Anyone who has ever watched a TV crime drama will know that, when you are arrested, you do not have to say anything but it may harm your defence if you do not mention when questioned something you later rely on in court. And so, through these words, the caution sets up the most significant decision a suspect must take when they are arrested, or when they attend an interview under caution voluntarily – do they provide the police with their version of events at the interview, or exercise their right to silence? Whilst determining what advice to give on this issue has always been a matter of judgment, the principles governing the exercise of that judgment have been thrown into confusion by the Court of Appeal’s recent decision in R v Black .
The potential “harm” alluded to in the caution is that, under section 34 of the Criminal Justice and Public Order Act 1994 , a judge can invite a jury to draw adverse inferences against a defendant if they rely on facts in their defence at trial which they failed to mention when being questioned. This means that a jury is entitled to conclude that the true reason the defendant failed to answer questions in interview is that they had no answer to give. However, a key element of the caution is the word “may”. Whilst it may harm your defence if you remain silent, not all “no comment” interviews will necessarily be held against a suspect at their later trial. Section 34 specifies that an adverse inference can only be drawn for facts that, “in the circumstances existing at the time the accused could reasonably have been expected to mention when so questioned” (underlining added). Several cases (including R v Condron ) have since clarified that this reasonableness requirement means that an inference can only be drawn if the prosecution case at the time of the interview was sufficiently strong as to justify calling for an answer. A lawyer advising on what, if anything, it is “reasonable” for their client to mention at interview will therefore always do so by reference to (among other matters) the volume and quality of pre-interview disclosure.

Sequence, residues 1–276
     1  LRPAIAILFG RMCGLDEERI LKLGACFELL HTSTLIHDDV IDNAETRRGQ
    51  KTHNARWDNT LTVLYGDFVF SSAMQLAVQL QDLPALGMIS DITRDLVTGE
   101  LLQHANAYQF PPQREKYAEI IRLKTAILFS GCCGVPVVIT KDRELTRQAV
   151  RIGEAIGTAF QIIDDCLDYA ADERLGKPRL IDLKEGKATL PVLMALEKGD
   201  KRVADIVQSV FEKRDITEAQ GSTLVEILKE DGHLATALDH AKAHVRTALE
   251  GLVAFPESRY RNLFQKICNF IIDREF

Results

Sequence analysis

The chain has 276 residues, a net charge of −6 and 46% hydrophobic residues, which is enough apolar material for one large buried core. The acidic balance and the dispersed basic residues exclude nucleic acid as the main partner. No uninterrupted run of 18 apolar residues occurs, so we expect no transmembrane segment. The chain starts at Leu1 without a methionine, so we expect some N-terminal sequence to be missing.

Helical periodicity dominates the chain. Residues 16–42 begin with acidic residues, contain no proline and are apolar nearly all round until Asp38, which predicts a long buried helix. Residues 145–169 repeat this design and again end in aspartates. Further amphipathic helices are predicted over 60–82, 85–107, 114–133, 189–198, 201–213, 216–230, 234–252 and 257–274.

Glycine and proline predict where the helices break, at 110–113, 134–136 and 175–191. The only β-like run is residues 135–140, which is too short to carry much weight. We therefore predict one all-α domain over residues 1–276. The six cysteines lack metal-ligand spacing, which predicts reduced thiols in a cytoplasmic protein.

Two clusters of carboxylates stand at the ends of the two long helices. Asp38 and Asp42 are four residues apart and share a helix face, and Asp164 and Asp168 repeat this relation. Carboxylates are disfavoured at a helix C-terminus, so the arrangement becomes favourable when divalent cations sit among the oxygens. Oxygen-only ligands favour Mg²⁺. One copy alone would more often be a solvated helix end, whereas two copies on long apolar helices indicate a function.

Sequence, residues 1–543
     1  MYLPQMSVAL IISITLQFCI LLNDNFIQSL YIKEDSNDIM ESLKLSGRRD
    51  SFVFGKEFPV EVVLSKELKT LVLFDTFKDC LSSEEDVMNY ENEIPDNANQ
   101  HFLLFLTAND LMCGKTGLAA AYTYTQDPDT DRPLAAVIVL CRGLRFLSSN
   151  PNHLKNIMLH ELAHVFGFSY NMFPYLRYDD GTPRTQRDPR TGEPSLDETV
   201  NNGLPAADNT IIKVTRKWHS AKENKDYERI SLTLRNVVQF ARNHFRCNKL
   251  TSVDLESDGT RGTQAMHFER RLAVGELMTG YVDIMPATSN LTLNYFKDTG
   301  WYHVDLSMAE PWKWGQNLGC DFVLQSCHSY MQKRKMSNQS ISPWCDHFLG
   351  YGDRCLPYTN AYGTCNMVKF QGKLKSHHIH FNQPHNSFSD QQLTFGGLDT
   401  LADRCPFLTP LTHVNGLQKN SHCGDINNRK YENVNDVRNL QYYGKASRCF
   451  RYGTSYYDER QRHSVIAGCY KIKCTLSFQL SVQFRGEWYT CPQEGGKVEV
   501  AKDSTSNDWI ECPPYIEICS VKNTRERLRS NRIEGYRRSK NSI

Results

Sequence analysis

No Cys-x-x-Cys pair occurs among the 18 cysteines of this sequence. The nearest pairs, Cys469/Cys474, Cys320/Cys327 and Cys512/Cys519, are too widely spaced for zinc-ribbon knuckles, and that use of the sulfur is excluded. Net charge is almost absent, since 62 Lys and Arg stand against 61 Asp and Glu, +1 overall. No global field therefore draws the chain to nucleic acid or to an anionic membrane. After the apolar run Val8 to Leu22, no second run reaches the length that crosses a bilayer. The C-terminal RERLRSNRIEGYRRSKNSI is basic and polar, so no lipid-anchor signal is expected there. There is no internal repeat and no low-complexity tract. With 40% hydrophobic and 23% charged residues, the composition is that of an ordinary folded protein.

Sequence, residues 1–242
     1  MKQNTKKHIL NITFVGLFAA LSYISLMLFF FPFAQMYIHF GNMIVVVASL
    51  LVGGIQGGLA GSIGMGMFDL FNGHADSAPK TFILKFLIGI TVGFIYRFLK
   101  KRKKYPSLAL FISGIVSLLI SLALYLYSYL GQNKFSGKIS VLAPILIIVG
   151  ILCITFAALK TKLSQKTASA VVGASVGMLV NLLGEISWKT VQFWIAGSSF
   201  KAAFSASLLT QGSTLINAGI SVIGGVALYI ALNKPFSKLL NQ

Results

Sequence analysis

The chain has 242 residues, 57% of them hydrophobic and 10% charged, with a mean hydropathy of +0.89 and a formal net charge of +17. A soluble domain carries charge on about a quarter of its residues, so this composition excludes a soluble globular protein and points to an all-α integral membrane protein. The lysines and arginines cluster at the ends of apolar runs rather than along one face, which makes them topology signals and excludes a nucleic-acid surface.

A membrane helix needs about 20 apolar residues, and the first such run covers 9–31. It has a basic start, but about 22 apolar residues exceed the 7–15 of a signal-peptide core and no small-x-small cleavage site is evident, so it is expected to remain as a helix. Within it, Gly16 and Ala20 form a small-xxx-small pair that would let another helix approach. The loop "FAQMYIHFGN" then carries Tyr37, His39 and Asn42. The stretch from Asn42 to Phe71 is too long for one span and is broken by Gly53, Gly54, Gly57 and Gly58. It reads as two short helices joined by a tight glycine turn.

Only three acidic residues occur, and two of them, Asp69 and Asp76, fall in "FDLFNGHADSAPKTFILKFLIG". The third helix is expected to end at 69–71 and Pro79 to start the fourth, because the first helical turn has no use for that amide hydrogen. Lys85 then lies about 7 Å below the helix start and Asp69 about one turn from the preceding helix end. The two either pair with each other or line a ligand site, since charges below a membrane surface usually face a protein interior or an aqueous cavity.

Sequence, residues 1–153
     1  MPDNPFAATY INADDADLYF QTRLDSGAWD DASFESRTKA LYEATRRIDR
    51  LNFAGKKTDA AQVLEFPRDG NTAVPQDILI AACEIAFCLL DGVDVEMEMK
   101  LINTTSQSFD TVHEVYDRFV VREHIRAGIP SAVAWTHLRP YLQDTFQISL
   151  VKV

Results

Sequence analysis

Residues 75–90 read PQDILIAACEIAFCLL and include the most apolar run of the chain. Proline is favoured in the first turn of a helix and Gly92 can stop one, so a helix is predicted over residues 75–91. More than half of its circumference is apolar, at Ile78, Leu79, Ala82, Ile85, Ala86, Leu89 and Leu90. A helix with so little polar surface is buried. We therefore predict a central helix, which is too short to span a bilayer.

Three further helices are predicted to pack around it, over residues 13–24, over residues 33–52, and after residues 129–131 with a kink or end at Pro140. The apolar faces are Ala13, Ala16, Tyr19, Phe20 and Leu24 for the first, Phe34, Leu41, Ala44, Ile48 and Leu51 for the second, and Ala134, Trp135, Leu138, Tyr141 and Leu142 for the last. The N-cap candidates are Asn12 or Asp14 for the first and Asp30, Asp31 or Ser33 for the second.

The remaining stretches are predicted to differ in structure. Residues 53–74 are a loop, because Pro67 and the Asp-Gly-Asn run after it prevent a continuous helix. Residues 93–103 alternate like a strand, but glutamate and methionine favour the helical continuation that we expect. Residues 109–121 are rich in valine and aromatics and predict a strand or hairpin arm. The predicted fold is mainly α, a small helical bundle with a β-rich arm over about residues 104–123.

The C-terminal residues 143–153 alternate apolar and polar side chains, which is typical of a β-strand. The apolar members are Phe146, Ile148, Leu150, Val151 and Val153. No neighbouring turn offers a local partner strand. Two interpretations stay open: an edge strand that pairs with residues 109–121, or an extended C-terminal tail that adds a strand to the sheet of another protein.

The police (and other investigators) have complete discretion as to the extent of the pre-interview disclosure they provide. In a large and complex fraud investigation, disclosure can range from a two-paragraph summary through to tabbed bundles of relevant contemporaneous documents with detailed covering briefings. But where, in a complex case, disclosure is limited, vague, and contains no contemporaneous documents, the advice is more likely to be that the suspect should remain silent at interview, on the basis that, under section 34, the “circumstances” do not “reasonably” require him to provide a detailed answer in response, there being no coherent or properly evidenced allegation to respond to.
And so, to the case of Mr Black, arrested early one morning in December 2014, accused of conspiracy to commit fraud by false representation between 2011 and 2013. The case related to Mr Black’s solar panel business. The allegation was that a number of the representations made in brochures and sales pitches about the degree of investment return (and how that return would be achieved) were false. Pre-interview disclosure consisted of a two-page summary of the police case. Mr Black was, perhaps unsurprisingly, advised to answer “no comment” to the questions put to him in interview. At his trial, a number of years later, when the prosecution evidence amounted to some 75,000 pages, the judge ruled that there were facts that it would have been reasonable for Mr Black to have mentioned at his interview. This ruling was upheld by the Court of Appeal, for the reason that “Mr Black confirmed in cross examination that he had lived through events and he had been given disclosure before the interview”. The Court also noted that “there was no evidence adduced at trial to show that the prosecution case at the time of the interview was insufficient to call for an answer… It is common ground that there was no burden on Mr Black to give such evidence. However the absence of any such evidence meant that there was nothing to rebut the proper inferences to be drawn about the strength of the prosecution case at the time of interview”.
This reasoning is difficult to follow. In at least two ways, it muddies the waters of when a suspect can be reasonably expected to provide an account at interview.